There is very little daylight between this and the exploitation of migrant workers in America. But this is probably worse.
Indentured Servitude in the Persian Gulf - NYTimes.com
LAST year, Theresa M. Dantes signed a contract with an employment agency in the Philippines to come here to work as a housemaid for $400 a month, plus room and board. But when she arrived, her employer said he would pay her only $250. She acquiesced; her family back in Quezon City depended on her earnings.
Other surprises quickly followed. Ms. Dantes, 29, said she was fed one meal a day, leftovers from the family’s lunch: “If no leftovers, I didn’t eat.” She worked seven days a week. When she finished work in her employer’s house, she was forced to clean his mother-in-law’s house, and then his sister’s.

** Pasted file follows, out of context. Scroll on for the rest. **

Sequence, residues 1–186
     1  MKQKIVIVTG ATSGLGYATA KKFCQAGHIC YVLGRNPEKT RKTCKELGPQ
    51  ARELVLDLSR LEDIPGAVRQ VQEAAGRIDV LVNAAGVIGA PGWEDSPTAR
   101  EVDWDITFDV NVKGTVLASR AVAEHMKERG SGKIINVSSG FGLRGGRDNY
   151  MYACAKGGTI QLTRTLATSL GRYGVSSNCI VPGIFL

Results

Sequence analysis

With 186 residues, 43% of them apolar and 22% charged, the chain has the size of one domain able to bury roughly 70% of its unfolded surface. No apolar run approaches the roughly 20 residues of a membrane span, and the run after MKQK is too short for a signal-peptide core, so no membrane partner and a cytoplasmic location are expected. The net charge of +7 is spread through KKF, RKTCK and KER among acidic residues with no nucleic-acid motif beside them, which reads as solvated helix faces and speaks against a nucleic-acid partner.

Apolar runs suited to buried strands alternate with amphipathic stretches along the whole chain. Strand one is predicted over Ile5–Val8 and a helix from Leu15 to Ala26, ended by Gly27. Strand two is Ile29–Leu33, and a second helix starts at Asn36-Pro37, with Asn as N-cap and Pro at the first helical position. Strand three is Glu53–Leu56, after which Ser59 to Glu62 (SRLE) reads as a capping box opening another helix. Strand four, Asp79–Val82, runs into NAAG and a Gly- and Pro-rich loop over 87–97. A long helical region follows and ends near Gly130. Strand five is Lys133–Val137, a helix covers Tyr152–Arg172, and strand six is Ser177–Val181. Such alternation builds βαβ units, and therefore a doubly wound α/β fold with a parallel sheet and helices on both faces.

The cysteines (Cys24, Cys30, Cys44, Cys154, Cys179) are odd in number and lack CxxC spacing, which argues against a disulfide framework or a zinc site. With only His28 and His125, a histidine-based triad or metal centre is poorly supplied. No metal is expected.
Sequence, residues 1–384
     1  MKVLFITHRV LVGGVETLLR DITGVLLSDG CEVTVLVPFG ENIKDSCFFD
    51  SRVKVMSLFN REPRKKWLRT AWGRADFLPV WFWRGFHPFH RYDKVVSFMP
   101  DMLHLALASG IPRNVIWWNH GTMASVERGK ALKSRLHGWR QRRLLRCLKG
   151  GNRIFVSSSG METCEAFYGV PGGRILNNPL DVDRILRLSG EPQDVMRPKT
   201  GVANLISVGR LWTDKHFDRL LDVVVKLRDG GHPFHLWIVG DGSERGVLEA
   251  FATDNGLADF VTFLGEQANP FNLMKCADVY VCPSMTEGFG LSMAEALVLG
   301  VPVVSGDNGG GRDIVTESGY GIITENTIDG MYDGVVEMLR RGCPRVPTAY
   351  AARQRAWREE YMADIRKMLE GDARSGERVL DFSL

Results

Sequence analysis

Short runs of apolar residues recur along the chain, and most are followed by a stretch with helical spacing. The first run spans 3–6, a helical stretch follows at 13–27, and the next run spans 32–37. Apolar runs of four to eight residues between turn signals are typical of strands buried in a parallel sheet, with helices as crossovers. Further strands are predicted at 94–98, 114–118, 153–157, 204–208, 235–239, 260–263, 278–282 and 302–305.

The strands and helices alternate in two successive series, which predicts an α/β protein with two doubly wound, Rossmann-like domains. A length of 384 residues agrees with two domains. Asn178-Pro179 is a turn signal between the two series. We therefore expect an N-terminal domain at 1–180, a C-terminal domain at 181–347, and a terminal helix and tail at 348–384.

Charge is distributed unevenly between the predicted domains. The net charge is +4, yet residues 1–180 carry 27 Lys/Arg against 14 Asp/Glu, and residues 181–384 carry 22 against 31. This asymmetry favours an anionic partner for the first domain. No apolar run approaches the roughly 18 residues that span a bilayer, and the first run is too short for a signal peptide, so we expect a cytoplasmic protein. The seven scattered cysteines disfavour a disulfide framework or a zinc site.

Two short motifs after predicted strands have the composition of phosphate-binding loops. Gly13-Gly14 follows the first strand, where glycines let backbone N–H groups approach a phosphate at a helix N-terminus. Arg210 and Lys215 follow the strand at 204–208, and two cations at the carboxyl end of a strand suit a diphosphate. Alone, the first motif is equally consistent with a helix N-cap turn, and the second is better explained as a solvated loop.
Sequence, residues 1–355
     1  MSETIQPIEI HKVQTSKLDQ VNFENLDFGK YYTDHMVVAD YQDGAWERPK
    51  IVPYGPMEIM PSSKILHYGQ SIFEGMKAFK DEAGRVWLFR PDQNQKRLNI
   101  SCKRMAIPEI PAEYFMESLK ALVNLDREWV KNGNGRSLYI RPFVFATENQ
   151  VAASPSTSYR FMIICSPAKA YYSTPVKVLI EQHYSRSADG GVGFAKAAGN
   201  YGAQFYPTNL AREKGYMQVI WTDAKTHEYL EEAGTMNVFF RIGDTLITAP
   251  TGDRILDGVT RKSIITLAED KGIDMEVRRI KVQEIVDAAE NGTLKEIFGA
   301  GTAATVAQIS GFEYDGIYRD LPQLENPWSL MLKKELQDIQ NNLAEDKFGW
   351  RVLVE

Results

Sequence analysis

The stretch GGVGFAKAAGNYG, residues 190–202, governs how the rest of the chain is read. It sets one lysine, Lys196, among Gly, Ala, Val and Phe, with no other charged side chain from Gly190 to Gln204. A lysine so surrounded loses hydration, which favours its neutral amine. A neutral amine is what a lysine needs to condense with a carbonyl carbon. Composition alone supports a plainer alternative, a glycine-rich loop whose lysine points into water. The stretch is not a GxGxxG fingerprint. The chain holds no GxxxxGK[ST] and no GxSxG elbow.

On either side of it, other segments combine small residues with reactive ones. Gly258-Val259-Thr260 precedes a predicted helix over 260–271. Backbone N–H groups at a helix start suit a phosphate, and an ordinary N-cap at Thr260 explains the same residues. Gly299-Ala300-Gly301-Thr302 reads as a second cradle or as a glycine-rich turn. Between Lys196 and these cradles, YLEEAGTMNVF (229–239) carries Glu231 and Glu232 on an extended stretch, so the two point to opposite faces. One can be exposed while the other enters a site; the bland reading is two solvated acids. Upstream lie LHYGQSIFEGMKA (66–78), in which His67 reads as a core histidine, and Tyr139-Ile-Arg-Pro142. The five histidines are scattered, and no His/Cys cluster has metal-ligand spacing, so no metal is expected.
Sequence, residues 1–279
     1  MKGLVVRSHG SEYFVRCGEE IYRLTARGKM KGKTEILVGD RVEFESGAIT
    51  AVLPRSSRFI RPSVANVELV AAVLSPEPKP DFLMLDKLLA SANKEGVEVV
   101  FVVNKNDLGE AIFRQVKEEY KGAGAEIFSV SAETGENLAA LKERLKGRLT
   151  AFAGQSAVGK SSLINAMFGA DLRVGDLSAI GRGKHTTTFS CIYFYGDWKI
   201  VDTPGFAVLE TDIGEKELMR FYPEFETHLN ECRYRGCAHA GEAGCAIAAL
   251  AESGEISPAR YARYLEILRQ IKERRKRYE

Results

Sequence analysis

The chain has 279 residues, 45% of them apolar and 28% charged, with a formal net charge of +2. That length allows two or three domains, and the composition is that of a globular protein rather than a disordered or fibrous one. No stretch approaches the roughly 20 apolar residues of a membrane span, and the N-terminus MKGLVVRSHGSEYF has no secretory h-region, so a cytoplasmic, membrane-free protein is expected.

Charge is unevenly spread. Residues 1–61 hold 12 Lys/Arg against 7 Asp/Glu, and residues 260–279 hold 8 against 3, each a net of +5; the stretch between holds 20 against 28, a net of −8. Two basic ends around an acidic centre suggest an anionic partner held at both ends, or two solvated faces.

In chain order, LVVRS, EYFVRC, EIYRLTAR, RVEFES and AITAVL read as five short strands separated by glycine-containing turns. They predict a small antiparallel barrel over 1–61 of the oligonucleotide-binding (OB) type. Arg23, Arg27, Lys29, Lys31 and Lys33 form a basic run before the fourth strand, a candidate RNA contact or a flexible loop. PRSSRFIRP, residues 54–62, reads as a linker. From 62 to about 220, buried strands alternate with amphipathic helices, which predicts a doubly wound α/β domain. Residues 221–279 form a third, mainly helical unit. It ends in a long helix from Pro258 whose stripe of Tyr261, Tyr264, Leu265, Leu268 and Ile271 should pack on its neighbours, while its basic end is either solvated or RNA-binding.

After eight months, Ms. Dantes tried to leave. Her boss laughed. “You can’t quit,” he told her.
Under kafala, the system that governs the working lives of every foreigner employed in Qatar, Ms. Dantes could not resign without her employer’s permission. She fled and joined 56 other women who had sought shelter at the Philippine Overseas Labor Office.
Some 1.2 million foreign workers — mostly poor Asians from India, Pakistan, Bangladesh, Nepal, Indonesia and the Philippines — make up 94 percent of the labor force in Qatar, an absolute monarchy roughly the size of Connecticut.